We arrived at St George’s in the afternoon. I remember the taxi journey seeming surreal. The driver (poor bugger), jovially asked..”is the baby coming?” I just cried and stared out the window, so in true male fashion, he changed the subject and talked at Matt about football. As he helped me out of the taxi, the driver squeezed my hand and whispered- “I’ll pray”.
We were sent straight to the Foetal Medicine Unit where we waited, for what seemed like forever, for yet another scan. The sonographer chatted to us as if nothing had happened, then cheerfully announced that she could see the issue. We then waited again.
Thankfully after what seemed like another eternity a wonderful Consultant came along. He sat us down and said that ‘the baby’ had what looks like an Arachnoid Cyst. We had never even heard of such a thing. He told us that the outlook ‘could’ be good, albeit we wouldn’t really know until after the baby was delivered. It was at that point that Matt cried- I had yet to stop! He told us that the baby was highly likely to go into special care and that we should prepare for a very long-stay away from home.
He then showed a level of kindness and compassion, that only those who work in this field can. It was well past the end of his shift by this point, but he said “so do you know what you are having?” We shook our heads and he said, well if you want to we can find out. He then took us back for another scan and said “let’s enjoy this one”. Two minutes later he said ” and there are the crown jewels” and that that moment our baby became a real little boy.
They then told us that if we could, we should, wait another couple of weeks before delivery – ” to give the baby the best chance” they said. I really can’t begin to describe to anyone what those two weeks were like. During that time we learnt who was with us and who wasn’t. Mums at the school gate shared truly personal experiences – their way I guess of providing hope, strength and insight. I will be forever grateful and will take what I was told in confidence to the grave. It was during this time that we chose his name. Whatever the future, was to hold- the baby had become, Harry.
To say these two weeks were stressful was untrue, every pain felt like the end and the emotional toll of counting movements was a nightmare. Not to mention the consultants appointments, hospital visits, medical jargon to learn in an instant (it has taken me almost a year to learn how to spell hydrocephalus!) and as trite as it sounds, the logistics. We have three other children, there were school trips, a theatre play and brownies to contend with- my life was falling apart but the school still wanted cakes for some event or other and Bradley still forget to do this ruddy homework.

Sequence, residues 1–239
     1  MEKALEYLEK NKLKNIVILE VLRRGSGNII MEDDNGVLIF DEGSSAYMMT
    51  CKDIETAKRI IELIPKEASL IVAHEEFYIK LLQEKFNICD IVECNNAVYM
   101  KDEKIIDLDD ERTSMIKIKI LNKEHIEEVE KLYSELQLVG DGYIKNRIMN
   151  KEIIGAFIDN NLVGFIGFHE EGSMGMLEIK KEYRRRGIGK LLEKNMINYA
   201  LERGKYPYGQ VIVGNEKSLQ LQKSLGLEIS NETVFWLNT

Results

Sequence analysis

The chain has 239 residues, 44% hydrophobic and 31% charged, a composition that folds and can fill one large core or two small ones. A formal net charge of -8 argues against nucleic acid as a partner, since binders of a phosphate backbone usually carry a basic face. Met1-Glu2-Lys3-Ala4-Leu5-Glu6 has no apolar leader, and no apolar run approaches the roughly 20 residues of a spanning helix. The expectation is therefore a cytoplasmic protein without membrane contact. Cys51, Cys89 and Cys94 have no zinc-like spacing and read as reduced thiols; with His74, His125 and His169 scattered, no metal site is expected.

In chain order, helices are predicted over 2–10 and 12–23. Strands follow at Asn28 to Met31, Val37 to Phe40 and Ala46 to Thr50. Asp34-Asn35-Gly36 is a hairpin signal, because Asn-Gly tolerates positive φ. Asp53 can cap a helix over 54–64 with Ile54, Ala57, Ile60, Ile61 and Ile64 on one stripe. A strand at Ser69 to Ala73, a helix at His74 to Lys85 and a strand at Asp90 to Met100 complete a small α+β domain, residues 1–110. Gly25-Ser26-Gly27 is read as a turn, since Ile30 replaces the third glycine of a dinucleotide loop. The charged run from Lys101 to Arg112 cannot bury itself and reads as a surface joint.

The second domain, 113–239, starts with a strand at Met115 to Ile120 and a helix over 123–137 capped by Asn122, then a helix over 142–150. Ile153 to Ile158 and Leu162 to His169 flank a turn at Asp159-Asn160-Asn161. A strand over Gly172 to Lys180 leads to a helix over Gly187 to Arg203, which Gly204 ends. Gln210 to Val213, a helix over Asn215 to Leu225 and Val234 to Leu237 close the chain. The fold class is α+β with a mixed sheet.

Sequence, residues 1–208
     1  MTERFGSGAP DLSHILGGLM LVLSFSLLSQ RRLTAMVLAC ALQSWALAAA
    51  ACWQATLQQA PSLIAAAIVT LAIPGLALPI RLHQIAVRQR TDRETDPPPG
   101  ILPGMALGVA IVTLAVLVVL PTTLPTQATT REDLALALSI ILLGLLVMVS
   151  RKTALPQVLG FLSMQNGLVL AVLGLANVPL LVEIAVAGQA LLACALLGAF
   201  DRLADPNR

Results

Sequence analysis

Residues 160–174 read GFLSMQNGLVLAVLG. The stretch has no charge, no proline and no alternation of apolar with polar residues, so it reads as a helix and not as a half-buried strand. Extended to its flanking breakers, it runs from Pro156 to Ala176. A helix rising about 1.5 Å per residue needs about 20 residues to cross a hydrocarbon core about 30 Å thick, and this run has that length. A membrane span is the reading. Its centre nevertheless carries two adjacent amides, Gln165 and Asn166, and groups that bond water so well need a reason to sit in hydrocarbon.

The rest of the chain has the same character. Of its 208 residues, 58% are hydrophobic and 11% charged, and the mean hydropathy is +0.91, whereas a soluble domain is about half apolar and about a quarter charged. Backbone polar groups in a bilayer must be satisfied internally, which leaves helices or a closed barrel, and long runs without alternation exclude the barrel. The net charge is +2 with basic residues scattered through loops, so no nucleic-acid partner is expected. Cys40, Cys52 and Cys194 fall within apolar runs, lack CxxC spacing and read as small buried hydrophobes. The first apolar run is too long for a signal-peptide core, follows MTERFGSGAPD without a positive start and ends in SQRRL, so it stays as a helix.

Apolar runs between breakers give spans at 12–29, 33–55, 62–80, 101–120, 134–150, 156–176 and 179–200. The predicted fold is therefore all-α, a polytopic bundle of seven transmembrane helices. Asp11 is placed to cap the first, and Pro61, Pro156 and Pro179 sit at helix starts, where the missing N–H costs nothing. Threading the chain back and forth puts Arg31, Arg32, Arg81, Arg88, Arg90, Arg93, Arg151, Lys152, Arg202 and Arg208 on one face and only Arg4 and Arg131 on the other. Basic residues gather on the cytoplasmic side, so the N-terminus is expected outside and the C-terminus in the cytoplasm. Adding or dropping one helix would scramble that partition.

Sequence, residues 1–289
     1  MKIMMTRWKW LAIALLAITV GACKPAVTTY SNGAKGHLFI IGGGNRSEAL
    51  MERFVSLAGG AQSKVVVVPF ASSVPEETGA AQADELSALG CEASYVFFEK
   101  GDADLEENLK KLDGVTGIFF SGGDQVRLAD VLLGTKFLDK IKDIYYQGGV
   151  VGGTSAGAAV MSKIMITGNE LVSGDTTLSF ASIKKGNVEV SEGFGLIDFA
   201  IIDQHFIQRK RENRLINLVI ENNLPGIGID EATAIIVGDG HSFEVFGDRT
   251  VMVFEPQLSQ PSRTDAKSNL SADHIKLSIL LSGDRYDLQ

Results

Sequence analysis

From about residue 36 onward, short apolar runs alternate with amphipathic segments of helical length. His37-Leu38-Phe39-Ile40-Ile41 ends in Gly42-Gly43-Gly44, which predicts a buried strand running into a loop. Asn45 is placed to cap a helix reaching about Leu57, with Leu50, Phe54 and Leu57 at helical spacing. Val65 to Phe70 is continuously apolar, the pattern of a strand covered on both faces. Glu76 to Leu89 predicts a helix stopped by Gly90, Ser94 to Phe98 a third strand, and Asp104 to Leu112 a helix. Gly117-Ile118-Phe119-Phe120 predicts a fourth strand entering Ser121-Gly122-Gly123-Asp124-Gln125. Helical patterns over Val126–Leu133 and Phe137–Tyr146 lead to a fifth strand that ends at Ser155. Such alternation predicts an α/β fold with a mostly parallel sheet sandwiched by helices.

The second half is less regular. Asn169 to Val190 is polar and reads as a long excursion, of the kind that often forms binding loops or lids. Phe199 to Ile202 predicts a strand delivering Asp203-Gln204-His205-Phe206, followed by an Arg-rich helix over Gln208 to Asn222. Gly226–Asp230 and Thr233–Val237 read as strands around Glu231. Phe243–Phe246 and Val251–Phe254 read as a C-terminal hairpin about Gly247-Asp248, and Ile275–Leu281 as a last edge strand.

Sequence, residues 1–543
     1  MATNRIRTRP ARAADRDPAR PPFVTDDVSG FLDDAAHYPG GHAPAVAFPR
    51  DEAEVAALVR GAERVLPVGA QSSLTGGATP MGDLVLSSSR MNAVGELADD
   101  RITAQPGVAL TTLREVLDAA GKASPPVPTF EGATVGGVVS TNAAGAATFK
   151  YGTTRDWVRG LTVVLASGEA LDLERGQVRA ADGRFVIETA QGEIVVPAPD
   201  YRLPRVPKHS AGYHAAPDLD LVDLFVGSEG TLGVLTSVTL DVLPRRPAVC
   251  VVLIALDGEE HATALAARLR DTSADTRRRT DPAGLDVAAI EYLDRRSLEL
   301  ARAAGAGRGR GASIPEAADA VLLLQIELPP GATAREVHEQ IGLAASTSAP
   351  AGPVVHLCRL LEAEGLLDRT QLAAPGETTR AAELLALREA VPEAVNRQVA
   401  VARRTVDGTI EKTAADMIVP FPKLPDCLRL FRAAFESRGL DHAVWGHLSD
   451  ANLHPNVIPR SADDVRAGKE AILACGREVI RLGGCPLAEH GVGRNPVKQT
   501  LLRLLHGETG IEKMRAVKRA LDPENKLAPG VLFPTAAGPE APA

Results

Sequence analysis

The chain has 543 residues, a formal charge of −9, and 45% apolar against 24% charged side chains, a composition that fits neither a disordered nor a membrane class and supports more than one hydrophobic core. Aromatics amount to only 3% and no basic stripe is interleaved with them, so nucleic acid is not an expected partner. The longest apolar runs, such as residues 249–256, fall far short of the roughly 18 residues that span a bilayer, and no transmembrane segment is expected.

Just two days before the planned C-section the older kids did their play- our life may have gone into freefall but their show must go on! Drama Mums out there will know how ridiculously difficult it is to get little thespians ready to perform, dressed, organised and at the bloody right place, with the right costume at the right time and in make-up (which apparently makes Ellie itch)
We went to watch the play in Camberely Theatre- I cried (again!). I was so proud of Brad’s one-liner that I thought I would burst. I will however, feel forever guilty to the poor women who asked me when the baby was coming…. “Monday” was my sharp reply, but we’re not sure what will happen. She looked like she was going to faint!
Harry was born by C-section on the Monday- walking down to the operating theatre felt, like I imagine, the condemned felt when walking to the gallows. We just didn’t know what would happen. We were told that they choose Monday for high risk cases because if the baby becomes critically-ill then there is more likelihood of senior consultants being around to help. Note to self: For the love of God, don’t get sick on a Friday! The room had a team of 25 and an adjoining theatre free and ready to resuscitate the baby.
But Harry, as Harry always does, did things his way. He came out pink and screaming and in that moment, we thought that everything was going to be OK.